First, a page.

N.H. House panel hears debate over anti-‘package store’ law

Requirement for food sales at stores offering beer and wine goes under the microscope
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Rep. Keith Murphy, R-Bedford, wanted to know: “What is the public purpose of carrying Spam and evaporated milk in a beer store?”

John Dumais, president of the New Hampshire Grocers Association, had one answer: “Alcohol should be served at the dinner table, with a full meal. It’s not there just to get drunk.”

The exchange between the Bedford Republican and the trade association executive occurred last week at a House Commerce Committee hearing on Murphy’s bill, which would eliminate the food sale requirement.

It was yet the latest installment in the decade-old debate over the requirement that convenience stores have some food for sale – $3,000 wholesale to be exact. And not just any food. State Liquor Commission regulations require such items like dairy and meat – thus the proliferation of Spam and evaporated milk.

“I promise you, no one will ever buy this stuff,” said Murphy. “When you blow on the Spam, dust comes off.”

Murphy’s bill is virtually identical to one the House voted down last year, by a 163-142 margin.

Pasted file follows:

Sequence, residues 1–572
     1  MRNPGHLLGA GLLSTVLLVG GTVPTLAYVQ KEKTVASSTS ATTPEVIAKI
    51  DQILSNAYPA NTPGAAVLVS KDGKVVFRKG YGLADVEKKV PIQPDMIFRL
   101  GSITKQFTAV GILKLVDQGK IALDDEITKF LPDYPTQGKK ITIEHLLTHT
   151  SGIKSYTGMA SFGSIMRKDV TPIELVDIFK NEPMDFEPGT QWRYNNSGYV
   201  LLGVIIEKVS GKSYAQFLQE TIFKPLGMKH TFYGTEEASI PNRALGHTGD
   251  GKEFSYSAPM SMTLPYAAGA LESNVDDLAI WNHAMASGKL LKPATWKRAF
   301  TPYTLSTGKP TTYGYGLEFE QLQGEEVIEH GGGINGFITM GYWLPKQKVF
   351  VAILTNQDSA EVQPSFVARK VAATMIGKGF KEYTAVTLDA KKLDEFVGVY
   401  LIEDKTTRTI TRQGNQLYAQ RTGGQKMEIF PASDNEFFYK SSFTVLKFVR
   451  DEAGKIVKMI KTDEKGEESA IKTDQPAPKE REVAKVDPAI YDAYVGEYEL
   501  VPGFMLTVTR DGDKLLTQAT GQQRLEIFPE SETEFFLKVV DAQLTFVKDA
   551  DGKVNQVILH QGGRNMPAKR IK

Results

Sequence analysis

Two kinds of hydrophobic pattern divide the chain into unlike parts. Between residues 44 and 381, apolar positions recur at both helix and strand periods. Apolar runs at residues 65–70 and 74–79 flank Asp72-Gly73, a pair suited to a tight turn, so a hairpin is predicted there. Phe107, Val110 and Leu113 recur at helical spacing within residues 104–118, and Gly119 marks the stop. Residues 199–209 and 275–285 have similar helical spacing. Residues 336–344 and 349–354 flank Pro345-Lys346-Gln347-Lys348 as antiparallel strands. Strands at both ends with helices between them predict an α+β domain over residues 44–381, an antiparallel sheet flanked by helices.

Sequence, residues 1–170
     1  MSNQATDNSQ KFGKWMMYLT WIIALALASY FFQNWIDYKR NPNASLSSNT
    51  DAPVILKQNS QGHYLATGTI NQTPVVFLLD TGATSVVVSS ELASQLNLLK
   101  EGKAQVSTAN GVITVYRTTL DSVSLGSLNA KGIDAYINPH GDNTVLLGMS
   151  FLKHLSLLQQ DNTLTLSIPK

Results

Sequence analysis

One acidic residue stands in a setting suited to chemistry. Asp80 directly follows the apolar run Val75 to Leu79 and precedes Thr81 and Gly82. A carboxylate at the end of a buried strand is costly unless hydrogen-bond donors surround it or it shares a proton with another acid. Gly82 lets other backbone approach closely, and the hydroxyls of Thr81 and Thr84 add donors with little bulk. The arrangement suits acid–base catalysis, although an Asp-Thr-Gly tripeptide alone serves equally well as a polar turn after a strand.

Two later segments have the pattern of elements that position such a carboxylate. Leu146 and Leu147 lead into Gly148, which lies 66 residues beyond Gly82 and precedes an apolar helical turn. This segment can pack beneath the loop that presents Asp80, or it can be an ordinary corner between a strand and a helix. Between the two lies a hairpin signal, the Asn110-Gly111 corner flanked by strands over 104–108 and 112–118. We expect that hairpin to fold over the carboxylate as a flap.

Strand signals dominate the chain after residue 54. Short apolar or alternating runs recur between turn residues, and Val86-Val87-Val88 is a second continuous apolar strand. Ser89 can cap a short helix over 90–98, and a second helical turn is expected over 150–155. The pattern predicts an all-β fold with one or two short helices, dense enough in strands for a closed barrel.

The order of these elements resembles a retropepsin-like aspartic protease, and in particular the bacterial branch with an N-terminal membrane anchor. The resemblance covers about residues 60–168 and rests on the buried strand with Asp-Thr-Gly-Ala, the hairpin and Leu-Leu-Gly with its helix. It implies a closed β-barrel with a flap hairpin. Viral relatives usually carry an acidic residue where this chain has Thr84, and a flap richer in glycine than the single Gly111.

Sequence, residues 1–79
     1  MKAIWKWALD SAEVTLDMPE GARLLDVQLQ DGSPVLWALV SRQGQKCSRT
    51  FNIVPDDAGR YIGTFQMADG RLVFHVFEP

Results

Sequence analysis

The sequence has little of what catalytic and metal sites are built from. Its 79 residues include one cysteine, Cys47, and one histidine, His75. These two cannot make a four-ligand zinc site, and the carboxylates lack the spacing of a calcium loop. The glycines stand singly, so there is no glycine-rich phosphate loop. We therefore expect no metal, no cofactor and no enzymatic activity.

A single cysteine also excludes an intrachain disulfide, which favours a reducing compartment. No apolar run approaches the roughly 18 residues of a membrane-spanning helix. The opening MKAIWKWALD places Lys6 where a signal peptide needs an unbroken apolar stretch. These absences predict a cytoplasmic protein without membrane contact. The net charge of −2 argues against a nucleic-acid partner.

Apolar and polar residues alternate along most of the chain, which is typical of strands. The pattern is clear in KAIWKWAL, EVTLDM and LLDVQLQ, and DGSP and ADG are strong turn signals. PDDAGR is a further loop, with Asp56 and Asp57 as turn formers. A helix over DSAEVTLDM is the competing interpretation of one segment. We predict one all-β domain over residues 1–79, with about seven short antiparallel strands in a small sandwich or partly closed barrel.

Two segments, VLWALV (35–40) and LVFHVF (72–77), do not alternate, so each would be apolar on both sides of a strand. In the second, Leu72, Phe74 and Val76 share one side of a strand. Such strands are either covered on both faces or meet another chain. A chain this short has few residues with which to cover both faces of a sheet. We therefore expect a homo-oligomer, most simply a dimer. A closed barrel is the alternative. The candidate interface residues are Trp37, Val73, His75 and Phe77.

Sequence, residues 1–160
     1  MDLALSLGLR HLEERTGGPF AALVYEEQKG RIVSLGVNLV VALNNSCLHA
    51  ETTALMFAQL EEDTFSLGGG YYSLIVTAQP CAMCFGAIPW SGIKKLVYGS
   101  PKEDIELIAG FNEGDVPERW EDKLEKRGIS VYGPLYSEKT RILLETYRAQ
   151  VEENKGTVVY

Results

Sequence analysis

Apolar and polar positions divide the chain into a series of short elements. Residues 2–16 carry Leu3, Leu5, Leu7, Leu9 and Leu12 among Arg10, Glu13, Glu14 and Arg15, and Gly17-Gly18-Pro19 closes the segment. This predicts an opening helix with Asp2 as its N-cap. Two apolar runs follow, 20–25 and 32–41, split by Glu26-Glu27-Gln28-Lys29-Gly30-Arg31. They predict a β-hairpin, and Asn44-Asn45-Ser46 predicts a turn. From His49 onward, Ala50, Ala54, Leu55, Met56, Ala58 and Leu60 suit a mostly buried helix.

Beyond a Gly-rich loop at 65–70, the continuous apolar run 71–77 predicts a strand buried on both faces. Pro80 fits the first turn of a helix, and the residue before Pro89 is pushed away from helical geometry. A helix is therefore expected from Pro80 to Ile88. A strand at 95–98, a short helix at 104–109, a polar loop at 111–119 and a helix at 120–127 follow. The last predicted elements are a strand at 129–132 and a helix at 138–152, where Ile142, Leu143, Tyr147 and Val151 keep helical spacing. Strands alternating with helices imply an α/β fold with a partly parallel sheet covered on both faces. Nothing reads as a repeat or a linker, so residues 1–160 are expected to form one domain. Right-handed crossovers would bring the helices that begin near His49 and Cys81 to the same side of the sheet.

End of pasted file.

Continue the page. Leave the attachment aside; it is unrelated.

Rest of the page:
Supporters say the law, which was enacted decades ago to discourage “package stores” from popping up near college campuses and poor neighborhoods, is outdated. What the law does is force specialty beer stores to devote valuable shelf space to products that people don’t want to buy.

“You can force someone to sell spam,” said Kevin Bloom, political director of the New Hampshire Liberty Alliance and the owner of several small breweries. “But you can’t force it down someone’s throat.

“Nobody is buying Fruit Loops with their beer,” added Bert Bingel, co-owner of Bert’s Better Beers in Hooksett.

But the Liquor Commission argued that the law has slowed the proliferation of such stores.

“We are trying to preclude package stores on every other corner,” said Craig Bulkley, the commission’s director of operations. “The system is working well.”

If the law is outdated, Bulkley said, it’s that the minimum requirement hasn’t changed in years. “When it was established, $3,000 was a substantial investment. You might consider raising that amount.”

For the perspective of the 1,400 grocers in the state, it wasn’t just the idea that the alcohol should be sold with food, but the effect of competition large chain package stores might have on struggling convenience stores.

“People come into our stores for certain products – milk, bread and alcohol,” said Dumais. “You start segregating that into independent stores that just sell alcohol products, you will start losing family businesses. They will be weakened, losing beer sales to those package stores.”

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